For Coonawarra viticulturist Pete Balnaves, the rules for allowing the entry of machinery and equipment that could carry phylloxera into South Australia should be as strict as possible.

“There are risks that we shouldn’t be prepared to take, to keep our industry safe,” Pete said. “We don’t want to create trade barriers, but our wine industry here in SA is too important to risk.”

Pete, viticulturist at Balnaves of Coonawarra, is supportive of the review of SA’s Plant Quarantine Standard (PQS) and sees the proposed new Condition 7 as a strengthening of the import conditions for allowing phylloxera risk vectors into the state.

“It’s been a decade since the phylloxera conditions in the SA PQS have been looked at, so this detailed review by Vinehealth Australia is timely, relevant and very important,” he said.

“If people are going to use the PQS correctly, it needs to be easier to read and understand, with fewer grey areas. Grey areas can lead to misinterpretation, which has the potential to be catastrophic.

“And we know a lot more about the science of phylloxera now, so our import conditions must match the knowledge about methods, temperature and time for killing phylloxera bugs. For example, we know now that we need to increase the time duration of the 40˚C dry heat treatment, as the current two hours is not effective for killing key phylloxera strains. It’s good to see the duration of this treatment increased to three hours in the new proposed Condition 7.”

Pete said it was good to see comprehensive industry consultation occurring, to ensure the PQS review process was robust.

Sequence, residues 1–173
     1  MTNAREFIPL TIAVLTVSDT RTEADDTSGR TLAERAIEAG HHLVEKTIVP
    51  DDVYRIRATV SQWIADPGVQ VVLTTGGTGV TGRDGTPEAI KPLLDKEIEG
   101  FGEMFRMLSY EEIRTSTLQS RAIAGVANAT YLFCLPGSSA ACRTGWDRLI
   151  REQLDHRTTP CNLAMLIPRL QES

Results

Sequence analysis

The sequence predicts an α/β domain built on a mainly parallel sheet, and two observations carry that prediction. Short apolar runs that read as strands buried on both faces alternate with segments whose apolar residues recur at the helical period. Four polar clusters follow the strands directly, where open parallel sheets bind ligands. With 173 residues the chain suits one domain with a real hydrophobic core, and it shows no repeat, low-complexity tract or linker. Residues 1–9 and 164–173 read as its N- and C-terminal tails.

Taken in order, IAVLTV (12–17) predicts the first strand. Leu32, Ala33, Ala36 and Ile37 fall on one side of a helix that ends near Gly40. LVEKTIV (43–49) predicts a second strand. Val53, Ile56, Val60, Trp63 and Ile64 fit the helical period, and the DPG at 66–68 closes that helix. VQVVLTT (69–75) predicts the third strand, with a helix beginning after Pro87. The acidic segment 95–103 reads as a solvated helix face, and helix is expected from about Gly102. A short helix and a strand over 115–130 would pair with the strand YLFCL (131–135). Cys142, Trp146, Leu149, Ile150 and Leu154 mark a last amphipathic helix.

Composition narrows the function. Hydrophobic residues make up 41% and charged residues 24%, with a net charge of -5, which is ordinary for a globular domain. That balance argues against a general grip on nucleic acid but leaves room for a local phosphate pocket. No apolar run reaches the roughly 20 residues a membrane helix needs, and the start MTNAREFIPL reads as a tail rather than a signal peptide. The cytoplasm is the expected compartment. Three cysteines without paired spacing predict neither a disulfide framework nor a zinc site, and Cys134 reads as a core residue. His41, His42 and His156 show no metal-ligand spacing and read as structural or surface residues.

And while the PQS review is welcomed, Pete said there also needed to be more industry accountability for following the guidelines.

“Vinehealth Australia can facilitate, the government can legislate, but it’s up to individuals to take responsibility for their own properties,” Pete said.

“You wouldn’t let a stranger walk through your house without permission, so why do we let people, machines and equipment onto our vineyards without checking that they’re safe? This PQS review has highlighted to me the importance of vineyard owners being better gatekeepers.”

Pete said state-wide work to prevent phylloxera and other pests and diseases from entering SA was also vital, including a comprehensive phylloxera surveillance program and outbreak planning for South Australia.

“We need to make sure Vinehealth Australia – formerly called the Phylloxera & Grape Industry Board of SA – has the funding it needs to do this work,” Pete said. “It would be great to see the state government also funding this work, in line with the support offered to the horticulture industry for fruit fly prevention.

“South Australia’s $2.15 billion wine industry, which represents 60% of the Australian wine industry, is a sector worth protecting, any way we can.”